Wednesday, December 29, 2010

Coalition calls for an elected school board


The video above is from Chicago Tonight which talks about calls for an elected Chicago School Board.

Below an article from the Chicago Tribune:
Chicago's next mayor shouldn't control the city's public school system, a coalition of teachers, community leaders, parents and students said Wednesday, raising an idea that quickly splintered the major contenders for the office.

The group called for an elected school board that would geographically represent the city instead of the current panel the mayor appoints. The proposed board would dedicate seven of the 13 seats for parents and community members. Two would go to teachers and one each to an administrator, education researcher, paraprofessional and business person.

The push is in its early stages; advocates will need to persuade state legislators to overhaul the landmark 1995 law that put control of Chicago Public Schools into Mayor Richard Daley's hands. To that end, the group is lobbying "key legislators," said Jitu Brown of the Kenwood Oakland Community Organization, who declined to say which lawmakers the group is targeting as sponsors.
...
In an open letter to the "citizens of Chicago," the coalition also recommended the board stagger its meetings between weekday mornings in district headquarters and evening sessions in area schools. A student advisory board also would be convened and report to district leaders.

The proposed changes would upend the system that allows Daley to appoint a school CEO and board members. The school board now includes seven members drawn from several top financial and consulting firms in the city.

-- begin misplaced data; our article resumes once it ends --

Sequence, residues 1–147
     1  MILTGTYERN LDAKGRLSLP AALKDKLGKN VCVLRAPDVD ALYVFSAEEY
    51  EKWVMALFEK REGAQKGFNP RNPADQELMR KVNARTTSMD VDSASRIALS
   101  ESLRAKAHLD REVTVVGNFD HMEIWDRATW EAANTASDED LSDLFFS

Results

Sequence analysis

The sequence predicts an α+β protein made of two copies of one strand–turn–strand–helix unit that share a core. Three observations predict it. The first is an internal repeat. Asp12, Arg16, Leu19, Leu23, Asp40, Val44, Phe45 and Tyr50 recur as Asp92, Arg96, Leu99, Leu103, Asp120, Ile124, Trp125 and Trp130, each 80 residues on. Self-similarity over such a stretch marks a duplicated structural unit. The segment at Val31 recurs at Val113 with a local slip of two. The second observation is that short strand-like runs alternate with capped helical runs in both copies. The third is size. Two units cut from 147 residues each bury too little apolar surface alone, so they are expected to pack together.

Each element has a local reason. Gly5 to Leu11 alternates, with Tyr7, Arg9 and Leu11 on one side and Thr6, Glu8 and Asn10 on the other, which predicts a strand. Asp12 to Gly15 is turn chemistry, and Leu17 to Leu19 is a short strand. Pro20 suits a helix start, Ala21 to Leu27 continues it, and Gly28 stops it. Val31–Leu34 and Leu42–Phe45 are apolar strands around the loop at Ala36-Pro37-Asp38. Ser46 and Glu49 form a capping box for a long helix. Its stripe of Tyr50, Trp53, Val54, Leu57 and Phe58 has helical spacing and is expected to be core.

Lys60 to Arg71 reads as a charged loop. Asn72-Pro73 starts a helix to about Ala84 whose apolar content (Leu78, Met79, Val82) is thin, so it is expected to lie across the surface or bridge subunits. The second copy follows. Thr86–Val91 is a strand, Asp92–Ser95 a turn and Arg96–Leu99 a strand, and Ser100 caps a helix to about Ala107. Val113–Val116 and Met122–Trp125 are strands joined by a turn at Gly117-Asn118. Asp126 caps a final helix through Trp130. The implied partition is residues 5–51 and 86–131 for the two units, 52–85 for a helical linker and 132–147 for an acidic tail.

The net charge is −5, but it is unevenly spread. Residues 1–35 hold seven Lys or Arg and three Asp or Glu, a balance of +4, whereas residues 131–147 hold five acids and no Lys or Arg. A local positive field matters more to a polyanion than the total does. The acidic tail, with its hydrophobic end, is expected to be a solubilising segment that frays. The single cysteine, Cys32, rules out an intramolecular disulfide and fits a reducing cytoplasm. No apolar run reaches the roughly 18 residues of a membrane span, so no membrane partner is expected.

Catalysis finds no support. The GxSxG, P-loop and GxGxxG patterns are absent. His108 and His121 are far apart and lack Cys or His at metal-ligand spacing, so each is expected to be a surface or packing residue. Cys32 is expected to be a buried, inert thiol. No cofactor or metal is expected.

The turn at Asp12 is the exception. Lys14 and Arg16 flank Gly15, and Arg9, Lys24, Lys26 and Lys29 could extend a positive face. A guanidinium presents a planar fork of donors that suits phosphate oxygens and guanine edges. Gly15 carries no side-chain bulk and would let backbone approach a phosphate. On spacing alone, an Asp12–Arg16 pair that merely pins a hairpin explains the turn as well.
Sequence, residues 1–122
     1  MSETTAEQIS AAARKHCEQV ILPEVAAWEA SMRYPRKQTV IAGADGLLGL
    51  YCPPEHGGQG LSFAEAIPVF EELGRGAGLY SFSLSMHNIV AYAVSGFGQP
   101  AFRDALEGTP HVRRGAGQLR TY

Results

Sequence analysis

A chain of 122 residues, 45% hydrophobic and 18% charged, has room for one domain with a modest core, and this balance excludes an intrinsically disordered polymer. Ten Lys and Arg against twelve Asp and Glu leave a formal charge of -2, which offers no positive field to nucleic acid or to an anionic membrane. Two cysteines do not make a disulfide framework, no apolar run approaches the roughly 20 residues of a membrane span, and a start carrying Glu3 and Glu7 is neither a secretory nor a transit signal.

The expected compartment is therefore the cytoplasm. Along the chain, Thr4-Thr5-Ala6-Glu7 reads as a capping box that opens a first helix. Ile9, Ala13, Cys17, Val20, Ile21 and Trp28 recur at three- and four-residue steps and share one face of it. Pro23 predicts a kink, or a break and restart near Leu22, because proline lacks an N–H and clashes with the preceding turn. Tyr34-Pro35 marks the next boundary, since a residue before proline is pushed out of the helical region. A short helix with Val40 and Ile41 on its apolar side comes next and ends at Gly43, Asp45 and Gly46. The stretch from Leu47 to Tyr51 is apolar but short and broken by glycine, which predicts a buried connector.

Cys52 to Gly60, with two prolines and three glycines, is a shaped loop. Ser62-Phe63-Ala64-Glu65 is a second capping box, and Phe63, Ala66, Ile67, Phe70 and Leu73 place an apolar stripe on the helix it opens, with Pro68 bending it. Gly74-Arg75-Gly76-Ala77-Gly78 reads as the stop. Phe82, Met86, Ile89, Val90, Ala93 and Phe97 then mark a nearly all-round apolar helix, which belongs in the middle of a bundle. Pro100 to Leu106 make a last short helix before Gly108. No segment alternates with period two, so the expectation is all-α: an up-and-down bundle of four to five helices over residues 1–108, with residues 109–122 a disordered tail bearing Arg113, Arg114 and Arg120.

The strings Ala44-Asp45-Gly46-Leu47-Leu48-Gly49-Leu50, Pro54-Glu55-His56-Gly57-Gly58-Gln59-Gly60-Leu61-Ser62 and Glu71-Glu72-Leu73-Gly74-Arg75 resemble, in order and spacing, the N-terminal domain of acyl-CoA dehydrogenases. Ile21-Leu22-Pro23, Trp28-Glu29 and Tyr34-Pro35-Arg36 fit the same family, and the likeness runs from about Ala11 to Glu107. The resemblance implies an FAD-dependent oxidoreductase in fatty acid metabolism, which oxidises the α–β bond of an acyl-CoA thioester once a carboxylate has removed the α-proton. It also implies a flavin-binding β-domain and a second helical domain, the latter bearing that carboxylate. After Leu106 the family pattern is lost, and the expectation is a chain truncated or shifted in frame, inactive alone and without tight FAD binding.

But Chicago Teachers Union President Karen Lewis said that's no substitute for the voices of parents, teachers and students who are in the city's schools every day. The union is one of the main architects of the proposal.

What's more, the union wants the return of an educator to lead the Chicago education system. Daley has favored the CEO model of leadership, picking four school chiefs in 15 years who were not career educators.

"The top-down decisions made by non-educators have not shown the improvement," Lewis said.
Before Mayor Daley took control of CPS back in 1995, I have no idea how one became a member of the School Board. In addition to that, I have no idea who appointed the School's superintendent. Today the schools have a Chief Executive Officer, the last superintendent of the public schools was Argie Johnson.

BTW, I have little problem with a CEO running the schools. Running a major school system will involve more skills than being an educator, especially if one needs to worry about making sure the school get all the necessary resources. But it's not unreasonable to call for an elected school board even if CPS remains a department of the City of Chicago where the Mayor still has a hand in who actually runs the system.

BTW, what about the Mayoral candidates on this issue you saw that in the Chicago Tonight video, but what about reading that article that I had excerpted.

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